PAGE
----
things feel foreign

your skin is a gifted kimono gathering dust in this city’s forgotten closet.
your hair, suffered many contracts between the heat and humid, is now given waivers by
                                                                                                                                                   the wind.

your lover meets you in a field, but the bazaar is in her eyes and you have turned
your ears are no longer shells bearing water sprites but carriers for dead things this city

your patient returns, with a symptom in one hand, and love in another, you know you
                                                                                                                     must take both or neither.
your heart was under construction but is now hard as hammered glass, and no one can
                                                                                                                                                      peer in.

your hands, well, your hands were always your grandfather’s that you wore as ill-fitting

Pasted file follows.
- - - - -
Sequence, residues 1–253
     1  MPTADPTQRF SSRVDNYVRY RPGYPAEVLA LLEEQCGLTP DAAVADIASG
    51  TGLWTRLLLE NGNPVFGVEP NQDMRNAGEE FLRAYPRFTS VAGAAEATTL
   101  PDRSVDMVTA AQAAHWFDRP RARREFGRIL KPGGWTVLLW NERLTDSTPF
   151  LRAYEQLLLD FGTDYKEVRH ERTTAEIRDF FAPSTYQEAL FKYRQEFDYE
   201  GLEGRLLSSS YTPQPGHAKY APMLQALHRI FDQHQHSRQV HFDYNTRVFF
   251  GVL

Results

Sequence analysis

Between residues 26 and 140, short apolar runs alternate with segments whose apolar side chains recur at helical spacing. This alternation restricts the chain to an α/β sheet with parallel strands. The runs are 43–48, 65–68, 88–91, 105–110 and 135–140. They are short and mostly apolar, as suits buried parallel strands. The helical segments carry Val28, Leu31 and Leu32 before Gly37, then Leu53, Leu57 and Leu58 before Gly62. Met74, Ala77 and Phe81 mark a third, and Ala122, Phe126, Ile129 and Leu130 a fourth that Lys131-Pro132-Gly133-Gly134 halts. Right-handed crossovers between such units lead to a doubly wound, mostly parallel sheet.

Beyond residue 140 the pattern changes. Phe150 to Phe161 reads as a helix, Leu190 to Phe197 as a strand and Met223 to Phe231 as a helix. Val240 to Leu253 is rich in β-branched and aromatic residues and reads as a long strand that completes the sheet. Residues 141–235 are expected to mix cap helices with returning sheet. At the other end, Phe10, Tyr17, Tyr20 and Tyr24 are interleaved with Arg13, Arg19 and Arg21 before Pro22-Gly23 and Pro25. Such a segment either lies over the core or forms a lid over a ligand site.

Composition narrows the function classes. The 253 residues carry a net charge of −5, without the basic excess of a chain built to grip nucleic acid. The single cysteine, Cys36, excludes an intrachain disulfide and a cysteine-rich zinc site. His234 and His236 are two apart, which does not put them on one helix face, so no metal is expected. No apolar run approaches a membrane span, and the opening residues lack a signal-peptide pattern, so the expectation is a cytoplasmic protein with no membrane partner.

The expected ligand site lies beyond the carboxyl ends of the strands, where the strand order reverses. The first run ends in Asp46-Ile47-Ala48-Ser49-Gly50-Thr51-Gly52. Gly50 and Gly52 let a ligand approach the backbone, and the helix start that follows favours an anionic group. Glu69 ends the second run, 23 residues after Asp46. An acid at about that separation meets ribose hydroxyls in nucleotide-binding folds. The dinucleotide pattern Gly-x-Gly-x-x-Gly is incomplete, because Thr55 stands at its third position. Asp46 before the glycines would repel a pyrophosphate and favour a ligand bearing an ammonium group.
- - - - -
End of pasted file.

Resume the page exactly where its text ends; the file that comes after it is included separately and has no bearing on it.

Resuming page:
your nights have been thickened by unease and you wake up like a bird blinded by the sun.

your poems roll, an entire film before your eyes but your memory frequently loses the plot
                                                                                                                                             and the pen.
your faith is now a weapon of mass destruction.

your country is now a misnomer, a signifier slipping between home and prison.
your name has begun to utter itself, it has no more need, of your tongue

Karuna Chandrashekar is a psychotherapist practising in New Delhi, India.

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